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John Moore/Getty Images

John Moore/Getty Images

Earlier today, the Liberian government published a list of the supplies it has on hand to treat Ebola patients — and the supplies it thinks it will need. The data paints a dire picture of a country bracing for an outbreak that only gets worse.

The Liberian government estimates it needs an additional 84,841 body bags. It currently has 4,901 on hand.

The West African country also needs more than 2 million boxes of rubber gloves and a half-million pairs of goggles and tens of thousands more pairs of rubber boots. Right now, it has very little of any of these. You can see the gap between supplies needed and supplies on hand here:


The full list of supplies, both those on hand and those necessary, is available in the government’s most recent situation report.

(Liberian Ministry of Health and Social Welfare)

(Liberian Ministry of Health and Social Welfare)

Liberia has been harder hit by the Ebola outbreak than any other country. It has so far recorded 4,076 cases and 2,316 deaths. More than half of all Ebola deaths worldwide have happened in Liberia.

The country is also poor, with few resources to fight the deadly outbreak. Even before Ebola hit, Liberia had one of the world’s poorest health care systems. Liberia spends an average of $66 per person per year on health care — a mere 2 percent of the OECD average.

health_spending_revised.0Supplies matter a lot in the Ebola outbreak. Without proper protective gear, its easier for the disease to spread — not just in Liberia, but also outside of the country, too.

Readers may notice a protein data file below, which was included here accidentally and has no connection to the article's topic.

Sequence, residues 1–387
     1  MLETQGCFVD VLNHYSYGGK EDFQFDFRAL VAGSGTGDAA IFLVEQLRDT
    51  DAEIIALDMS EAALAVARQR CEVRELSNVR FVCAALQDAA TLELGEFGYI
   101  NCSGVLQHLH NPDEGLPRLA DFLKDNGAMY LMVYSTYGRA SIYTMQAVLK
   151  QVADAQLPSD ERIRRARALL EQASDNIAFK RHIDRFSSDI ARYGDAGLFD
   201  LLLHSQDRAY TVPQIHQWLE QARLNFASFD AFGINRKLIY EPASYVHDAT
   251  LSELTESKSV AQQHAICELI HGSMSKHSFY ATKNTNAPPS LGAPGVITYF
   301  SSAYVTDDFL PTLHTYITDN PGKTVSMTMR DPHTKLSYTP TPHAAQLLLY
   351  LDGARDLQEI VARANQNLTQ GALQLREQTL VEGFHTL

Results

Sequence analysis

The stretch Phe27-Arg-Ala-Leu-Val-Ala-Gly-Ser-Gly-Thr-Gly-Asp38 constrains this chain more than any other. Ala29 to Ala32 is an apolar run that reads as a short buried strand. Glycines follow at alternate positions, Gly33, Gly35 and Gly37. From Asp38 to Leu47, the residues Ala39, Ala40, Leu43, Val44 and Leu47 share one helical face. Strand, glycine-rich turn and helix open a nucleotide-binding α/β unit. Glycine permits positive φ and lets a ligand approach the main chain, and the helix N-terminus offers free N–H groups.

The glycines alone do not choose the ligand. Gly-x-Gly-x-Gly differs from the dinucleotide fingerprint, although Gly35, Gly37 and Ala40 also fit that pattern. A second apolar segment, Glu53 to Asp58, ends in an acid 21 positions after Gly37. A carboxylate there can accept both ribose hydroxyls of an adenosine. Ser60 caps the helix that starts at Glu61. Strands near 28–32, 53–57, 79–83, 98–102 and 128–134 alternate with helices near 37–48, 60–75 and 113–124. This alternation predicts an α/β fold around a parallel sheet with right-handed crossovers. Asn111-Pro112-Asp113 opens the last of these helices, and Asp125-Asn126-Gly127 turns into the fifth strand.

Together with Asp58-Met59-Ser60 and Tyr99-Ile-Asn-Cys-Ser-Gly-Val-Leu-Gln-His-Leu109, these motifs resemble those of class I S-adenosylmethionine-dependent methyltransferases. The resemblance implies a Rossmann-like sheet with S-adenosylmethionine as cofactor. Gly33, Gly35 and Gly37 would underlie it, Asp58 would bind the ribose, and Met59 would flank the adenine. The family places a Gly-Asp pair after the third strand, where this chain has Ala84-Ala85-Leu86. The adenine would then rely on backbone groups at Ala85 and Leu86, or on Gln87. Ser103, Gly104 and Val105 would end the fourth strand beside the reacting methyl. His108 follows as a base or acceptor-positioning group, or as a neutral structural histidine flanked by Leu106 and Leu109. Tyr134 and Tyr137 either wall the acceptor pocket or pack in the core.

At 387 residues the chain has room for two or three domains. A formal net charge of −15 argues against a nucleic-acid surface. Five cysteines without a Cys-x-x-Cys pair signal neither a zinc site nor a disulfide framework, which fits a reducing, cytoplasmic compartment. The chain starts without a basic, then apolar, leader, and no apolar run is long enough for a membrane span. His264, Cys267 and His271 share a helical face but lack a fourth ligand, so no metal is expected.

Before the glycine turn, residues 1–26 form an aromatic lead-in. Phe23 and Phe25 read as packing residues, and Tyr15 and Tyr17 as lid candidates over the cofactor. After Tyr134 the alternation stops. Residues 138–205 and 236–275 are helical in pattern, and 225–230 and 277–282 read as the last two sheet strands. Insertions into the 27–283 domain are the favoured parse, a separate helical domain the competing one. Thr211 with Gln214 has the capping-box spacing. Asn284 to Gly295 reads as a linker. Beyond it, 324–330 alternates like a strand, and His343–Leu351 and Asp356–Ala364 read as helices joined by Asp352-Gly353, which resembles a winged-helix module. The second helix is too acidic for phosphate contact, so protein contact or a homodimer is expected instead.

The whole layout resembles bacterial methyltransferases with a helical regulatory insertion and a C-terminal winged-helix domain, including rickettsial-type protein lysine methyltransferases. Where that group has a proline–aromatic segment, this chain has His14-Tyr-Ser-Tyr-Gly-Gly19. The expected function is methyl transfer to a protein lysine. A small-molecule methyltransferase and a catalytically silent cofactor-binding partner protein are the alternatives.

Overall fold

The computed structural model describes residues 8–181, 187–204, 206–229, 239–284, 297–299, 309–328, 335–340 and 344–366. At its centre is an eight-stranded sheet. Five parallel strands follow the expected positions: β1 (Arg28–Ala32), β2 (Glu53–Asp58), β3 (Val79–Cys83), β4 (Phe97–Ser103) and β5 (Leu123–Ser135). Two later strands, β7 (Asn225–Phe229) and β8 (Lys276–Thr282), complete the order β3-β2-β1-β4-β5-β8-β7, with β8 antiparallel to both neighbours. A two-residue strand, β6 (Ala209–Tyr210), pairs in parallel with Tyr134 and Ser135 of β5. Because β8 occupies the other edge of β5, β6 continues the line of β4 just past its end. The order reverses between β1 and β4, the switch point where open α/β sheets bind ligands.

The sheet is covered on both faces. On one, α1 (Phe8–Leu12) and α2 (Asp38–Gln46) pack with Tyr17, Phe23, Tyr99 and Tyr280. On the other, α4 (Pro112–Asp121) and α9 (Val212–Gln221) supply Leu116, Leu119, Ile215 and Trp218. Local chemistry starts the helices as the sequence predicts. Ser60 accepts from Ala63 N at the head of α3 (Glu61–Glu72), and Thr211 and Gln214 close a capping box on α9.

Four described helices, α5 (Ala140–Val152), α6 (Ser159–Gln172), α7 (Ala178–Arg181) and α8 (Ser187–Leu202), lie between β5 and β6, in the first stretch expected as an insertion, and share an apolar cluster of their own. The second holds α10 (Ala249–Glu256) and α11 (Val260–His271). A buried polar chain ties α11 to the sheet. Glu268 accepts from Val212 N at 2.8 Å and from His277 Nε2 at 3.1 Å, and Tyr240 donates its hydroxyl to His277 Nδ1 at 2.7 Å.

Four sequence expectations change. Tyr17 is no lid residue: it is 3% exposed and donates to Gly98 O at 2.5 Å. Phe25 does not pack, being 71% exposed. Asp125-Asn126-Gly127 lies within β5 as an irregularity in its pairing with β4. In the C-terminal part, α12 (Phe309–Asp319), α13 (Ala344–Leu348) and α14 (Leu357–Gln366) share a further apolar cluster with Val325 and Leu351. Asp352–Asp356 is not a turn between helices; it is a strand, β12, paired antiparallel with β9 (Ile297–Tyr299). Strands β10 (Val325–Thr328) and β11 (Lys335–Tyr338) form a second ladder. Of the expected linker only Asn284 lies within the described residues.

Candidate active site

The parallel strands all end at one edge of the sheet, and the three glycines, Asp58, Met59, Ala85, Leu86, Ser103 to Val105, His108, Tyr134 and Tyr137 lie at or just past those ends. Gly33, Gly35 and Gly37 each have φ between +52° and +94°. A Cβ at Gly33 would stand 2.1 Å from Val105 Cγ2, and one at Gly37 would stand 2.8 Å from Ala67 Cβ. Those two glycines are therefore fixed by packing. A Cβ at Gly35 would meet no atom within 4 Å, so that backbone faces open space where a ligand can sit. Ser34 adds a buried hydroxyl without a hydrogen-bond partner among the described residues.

If you’re looking for ways to help ease the supply shortage, consider this list of non-profits currently providing aid in West Africa in the Ebola fight.

Hat tip to the Washington Post for noticing this report earlier today.

For every four cases of Ebola we know of, there might be six that we don’t

While official estimates suggest there are already more than 8,000 cases of Ebola this year, the real number is likely much, much higher. The Centers for Disease Control and Prevention estimate that the actual number of Ebola cases is roughly 2.5 times higher than the reported figures — so for every four Ebola cases we know of, there could be six that we don’t.

The CDC isn’t alone in this. “There is widespread under-reporting of new cases,” warns the World Health Organization. The WHO has continually said that even its current dire numbers don’t reflect the full reality. The estimated 8,000-plus Ebola cases in West Africa could just be the tip of the iceberg.

Health workers sterilize the house and prepare a body for burial in Lango village, Kenema, Sierra Leone. (Photo courtesy of Andalou Agency)

Health workers sterilize the house and prepare a body for burial in Lango village, Kenema, Sierra Leone. (Photo courtesy of Andalou Agency)

Written by: (VOX), Posted by: DAVID HODGES, continue at THE COMMON SENSE SHOW